So, you’re ready to start your own business, you say? You’ve got an idea for a great product or service and you’re good to go, or so you think. Business owners have a lot to think about already, but at the onset, consideration must be given to a couple of factors – because now it’s time to get legally recognized as a business.
A sole proprietorship is when someone owns and runs a business by themselves. This structure is the simplest and the easiest to understand. In order to form a sole proprietorship, you don’t need to take any formal action. You are a sole proprietor if you are selling your services for yourself and by yourself.
Of course, there are some definite advantages for the sole proprietor: With no one else to answer to, the profits are certainly all for you. As the sole proprietor, you maintain total control and flexibility to run the business as you see fit; sole proprietors require less capital to cover startup costs and creditors are more likely to extend credit if needed.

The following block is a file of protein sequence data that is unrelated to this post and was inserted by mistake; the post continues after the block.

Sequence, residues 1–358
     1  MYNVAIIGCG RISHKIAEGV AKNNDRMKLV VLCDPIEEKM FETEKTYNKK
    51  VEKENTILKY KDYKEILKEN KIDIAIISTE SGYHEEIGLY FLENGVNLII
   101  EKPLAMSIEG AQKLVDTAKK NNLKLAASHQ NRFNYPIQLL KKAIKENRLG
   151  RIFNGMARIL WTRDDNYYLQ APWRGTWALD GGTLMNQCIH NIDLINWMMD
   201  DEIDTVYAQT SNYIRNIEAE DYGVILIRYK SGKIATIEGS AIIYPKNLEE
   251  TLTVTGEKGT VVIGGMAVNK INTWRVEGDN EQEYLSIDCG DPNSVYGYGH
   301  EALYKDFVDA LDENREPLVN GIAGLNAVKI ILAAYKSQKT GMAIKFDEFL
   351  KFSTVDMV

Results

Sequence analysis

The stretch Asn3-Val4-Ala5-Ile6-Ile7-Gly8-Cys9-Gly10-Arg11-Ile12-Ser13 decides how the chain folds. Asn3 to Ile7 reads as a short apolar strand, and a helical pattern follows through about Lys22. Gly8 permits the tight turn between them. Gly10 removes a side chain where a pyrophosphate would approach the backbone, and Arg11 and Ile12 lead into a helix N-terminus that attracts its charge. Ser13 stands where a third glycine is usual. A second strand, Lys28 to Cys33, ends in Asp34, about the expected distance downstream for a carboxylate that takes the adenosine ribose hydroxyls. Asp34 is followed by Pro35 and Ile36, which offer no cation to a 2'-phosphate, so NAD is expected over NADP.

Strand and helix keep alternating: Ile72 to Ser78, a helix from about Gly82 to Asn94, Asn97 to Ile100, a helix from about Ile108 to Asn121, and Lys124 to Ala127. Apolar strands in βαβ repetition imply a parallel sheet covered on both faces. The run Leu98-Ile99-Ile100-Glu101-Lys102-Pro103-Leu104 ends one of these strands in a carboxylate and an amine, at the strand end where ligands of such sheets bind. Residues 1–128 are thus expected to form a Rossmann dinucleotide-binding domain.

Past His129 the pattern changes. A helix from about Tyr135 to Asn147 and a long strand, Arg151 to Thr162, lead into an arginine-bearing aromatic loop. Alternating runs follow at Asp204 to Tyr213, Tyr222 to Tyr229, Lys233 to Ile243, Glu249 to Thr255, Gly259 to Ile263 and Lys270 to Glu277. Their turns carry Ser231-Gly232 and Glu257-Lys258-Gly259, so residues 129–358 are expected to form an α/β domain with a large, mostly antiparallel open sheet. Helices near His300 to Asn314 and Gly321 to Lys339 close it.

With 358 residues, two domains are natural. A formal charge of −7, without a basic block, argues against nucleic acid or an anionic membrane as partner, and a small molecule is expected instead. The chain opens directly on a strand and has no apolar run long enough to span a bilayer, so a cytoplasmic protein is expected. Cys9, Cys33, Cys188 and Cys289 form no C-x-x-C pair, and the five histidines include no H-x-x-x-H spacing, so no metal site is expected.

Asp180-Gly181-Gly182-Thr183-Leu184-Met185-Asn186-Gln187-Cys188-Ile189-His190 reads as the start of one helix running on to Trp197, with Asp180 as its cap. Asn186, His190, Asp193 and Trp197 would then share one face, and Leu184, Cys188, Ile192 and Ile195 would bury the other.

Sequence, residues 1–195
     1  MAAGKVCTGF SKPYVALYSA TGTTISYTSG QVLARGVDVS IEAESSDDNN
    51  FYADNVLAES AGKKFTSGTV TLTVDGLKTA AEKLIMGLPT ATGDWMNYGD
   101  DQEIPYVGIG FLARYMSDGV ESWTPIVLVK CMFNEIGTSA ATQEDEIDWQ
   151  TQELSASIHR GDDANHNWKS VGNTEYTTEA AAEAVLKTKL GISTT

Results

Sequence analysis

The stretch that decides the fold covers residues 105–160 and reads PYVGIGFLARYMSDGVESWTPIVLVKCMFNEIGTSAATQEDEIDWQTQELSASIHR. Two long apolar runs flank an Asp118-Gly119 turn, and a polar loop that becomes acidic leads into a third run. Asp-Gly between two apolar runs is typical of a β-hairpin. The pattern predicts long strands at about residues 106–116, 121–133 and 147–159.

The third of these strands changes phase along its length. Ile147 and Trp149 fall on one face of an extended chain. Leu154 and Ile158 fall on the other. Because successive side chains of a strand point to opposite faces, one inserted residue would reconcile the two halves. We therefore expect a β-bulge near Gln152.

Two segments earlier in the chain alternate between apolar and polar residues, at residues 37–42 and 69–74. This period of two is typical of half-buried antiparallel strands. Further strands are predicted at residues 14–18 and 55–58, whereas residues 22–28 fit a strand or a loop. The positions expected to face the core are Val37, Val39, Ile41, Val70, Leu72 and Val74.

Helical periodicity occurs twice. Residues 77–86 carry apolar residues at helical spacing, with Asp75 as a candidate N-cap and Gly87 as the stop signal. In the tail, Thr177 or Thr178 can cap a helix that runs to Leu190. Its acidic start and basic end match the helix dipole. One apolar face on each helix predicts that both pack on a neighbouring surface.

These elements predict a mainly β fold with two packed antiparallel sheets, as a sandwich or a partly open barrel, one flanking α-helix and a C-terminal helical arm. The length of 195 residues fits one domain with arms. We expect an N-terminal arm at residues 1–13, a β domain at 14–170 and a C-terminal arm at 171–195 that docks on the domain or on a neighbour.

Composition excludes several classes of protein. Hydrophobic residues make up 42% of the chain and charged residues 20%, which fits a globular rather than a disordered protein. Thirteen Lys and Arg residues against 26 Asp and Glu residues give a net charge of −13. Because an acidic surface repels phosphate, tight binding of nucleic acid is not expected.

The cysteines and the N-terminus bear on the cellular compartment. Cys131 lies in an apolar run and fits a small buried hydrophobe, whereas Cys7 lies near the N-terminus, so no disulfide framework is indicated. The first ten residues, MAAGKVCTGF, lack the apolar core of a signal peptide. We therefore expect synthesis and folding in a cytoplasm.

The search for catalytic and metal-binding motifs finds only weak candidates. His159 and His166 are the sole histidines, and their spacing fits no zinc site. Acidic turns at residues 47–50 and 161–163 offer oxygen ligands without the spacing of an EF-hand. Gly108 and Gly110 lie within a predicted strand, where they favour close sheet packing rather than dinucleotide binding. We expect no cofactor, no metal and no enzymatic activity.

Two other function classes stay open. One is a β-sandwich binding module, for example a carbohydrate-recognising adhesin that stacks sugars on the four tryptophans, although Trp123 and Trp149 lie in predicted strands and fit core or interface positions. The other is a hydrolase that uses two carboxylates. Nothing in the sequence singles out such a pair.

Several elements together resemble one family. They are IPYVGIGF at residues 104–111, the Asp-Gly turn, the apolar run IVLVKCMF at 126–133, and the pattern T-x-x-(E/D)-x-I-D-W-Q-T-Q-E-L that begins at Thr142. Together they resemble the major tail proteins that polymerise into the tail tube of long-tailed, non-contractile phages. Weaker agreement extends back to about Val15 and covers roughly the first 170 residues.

It is noteworthy that from a tax standpoint, there is no differentiation between you and your business, so you are taxed as one. You just use a Schedule C and a Standard Form 1040.
All of that could be great, but it’s also important to go over the same information from a different perspective. If you decide to go it alone as sole proprietor, there are some disadvantages to consider with that: With no one else to answer to, you assume full liability of the business, as well – all your debts are yours alone and creditors can go after your personal property to satisfy a claim if your business assets aren’t enough; banks may be reluctant to give loans due to higher turnover rates and usually smaller assets; even if you required less capital to startup, it may be more difficult for the sole proprietor to raise money for the long term needs of the business.
If this still sounds confusing, let Dunham Tax Professionals help you make sense of it all. Schedule an appointment today.